Updating the List
It was never my intention to write the definitive list of android photo editing apps only to leave it sitting there a derelict post in desperate need of an update. This, then, is the first update, and from time to time I will return to it with new apps that come to my attention. Please do point me in the direction of well known apps that I have missed, or which are new and not that visible in the market.
Update 01 (you are here)
Update 02 (focusing on blur and unsharp imagery)
Update 03 (focusing to some extent on layering apps)
Update 04 (focusing on Camera Replacement Apps)
This particular update will focus on a few apps for Android that support either RAW file editing or lossless file saving, such as in PNG, will mention a couple apps that should have been on the first list (such as After Focus and Focal), and also highlight some new additions to the market.
The Updated List
GIMP/Inkscape – This is by far the largest app for editing images on Android. It’s gigantic. GIMP and Inkscape all in one program. For those unfamiliar, GIMP is a photo editing program, in many ways similar Photoshop. Inkscape is a vector graphic program comparable in power and capability to Adobe Illustrator. Nothing is left out as the app is simply these programs ported from a PC and combined into one. That might sound like a positive thing as it gives you all the power available from these tools, even on your phone, but the downside is the real problem in user interface.
The programs are identical to the PC version, so that the screen, even if you do follow the installment and setting instructions on Google Play, are a bit of a chore to work your way around. As the description says on Google Play, the app is really meant for a 10 inch screen, such as a Galaxy Tab. I went ahead with the app on my S3, though the UI problems will likely cause me to avoid its use, unless I can’t do something in another program. Having the multiple windows of any tool set open so that you can perform an operation means vital screen real estate is lost from the actual canvas space. If you are a wiz at these programs, that might not pose such a problem. These are, after all, powerful editing tools, rivaling Photoshop and Adobe Illustrator in many ways. To have them on your phone means the world to editing.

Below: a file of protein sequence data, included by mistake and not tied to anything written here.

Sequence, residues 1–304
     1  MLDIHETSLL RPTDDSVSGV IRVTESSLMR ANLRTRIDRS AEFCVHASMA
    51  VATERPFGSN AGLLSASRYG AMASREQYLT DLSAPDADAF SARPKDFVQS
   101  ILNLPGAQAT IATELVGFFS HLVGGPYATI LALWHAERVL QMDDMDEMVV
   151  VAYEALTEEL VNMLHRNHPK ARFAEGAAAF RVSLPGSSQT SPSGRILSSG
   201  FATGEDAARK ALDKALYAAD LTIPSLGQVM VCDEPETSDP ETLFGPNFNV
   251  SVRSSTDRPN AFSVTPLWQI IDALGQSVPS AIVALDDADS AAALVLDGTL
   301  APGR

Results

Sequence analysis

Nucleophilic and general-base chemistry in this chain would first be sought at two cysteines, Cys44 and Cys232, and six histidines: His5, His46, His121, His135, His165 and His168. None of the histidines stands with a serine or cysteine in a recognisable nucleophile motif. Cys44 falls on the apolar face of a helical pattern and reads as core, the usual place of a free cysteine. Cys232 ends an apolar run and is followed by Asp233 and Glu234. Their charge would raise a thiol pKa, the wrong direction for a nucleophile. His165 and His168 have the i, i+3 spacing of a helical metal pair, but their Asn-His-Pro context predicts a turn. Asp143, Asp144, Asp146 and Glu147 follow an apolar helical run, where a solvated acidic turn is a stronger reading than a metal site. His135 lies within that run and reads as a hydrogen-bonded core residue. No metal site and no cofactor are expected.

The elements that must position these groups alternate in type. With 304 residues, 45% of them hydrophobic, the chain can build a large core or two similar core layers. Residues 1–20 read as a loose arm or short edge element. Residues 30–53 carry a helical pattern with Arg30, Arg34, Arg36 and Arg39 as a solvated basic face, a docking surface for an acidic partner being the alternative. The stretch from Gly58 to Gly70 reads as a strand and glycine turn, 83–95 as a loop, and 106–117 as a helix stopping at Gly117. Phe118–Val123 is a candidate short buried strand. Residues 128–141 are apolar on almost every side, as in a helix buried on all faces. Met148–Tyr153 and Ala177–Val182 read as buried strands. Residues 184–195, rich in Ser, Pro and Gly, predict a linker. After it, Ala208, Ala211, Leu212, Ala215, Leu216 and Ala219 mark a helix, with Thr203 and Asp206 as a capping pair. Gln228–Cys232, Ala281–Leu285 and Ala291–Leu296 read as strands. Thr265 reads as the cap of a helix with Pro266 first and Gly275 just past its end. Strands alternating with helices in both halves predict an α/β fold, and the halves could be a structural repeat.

Max save resolution: Camera resolution. Presumably, these heavy duty programs can save at any resolution you would like, but my camera is too full of projects (and GIMP itself) to allow the space!
Photo Mate R2 – RAW had to happen. The gap between smartphone photography and DSLR is closing, and fast. Most cameras take raw data, and interpret it into jpg files. jpg images are a lossy file format, meaning that the data is compressed, and with each passage through an app as you edit and save, it loses data, becomes impure. The latest software update to the Nokia line of phones, called Lumia Black, allows certain phones, among the the Lumia 1020, to support RAW files. (There is however, no way to edit these RAW files on the phone itself.) RAW files such as the DNG file format mean you have access to the camera lens data captured as is, previous to any jpg compression. That means lossless file saving. That means much cleaner editing. It has also been confirmed that Android too will be moving into RAW file formats (Stay tuned for developments on Android RAW).
What that means for photo editing is that apps will need to be able to handle RAW files more and more in the future. So I’ve been looking around for a number of apps that do so already. GIMP can’t, but Photo Mate R2 can. It can decode almost any RAW file format, including DNG. The app can edit files nondestructively.
Unlike GIMP/Inkscape, Photo Mate R2 is a fairly easy to use editor, allowing you to do a variety of adjustive edits, such as altering the curves of selected regions of a photo, etc. The UI is straight forward and does not get in the way of the photo you are working on. It has live visualization of the photo, as you edit. It has a beta ability to stack images so that you can create real HDR images from multiple shots. This is likely the pioneer of what future mobile editing apps will be capable of. Keep up to date on things new with this app.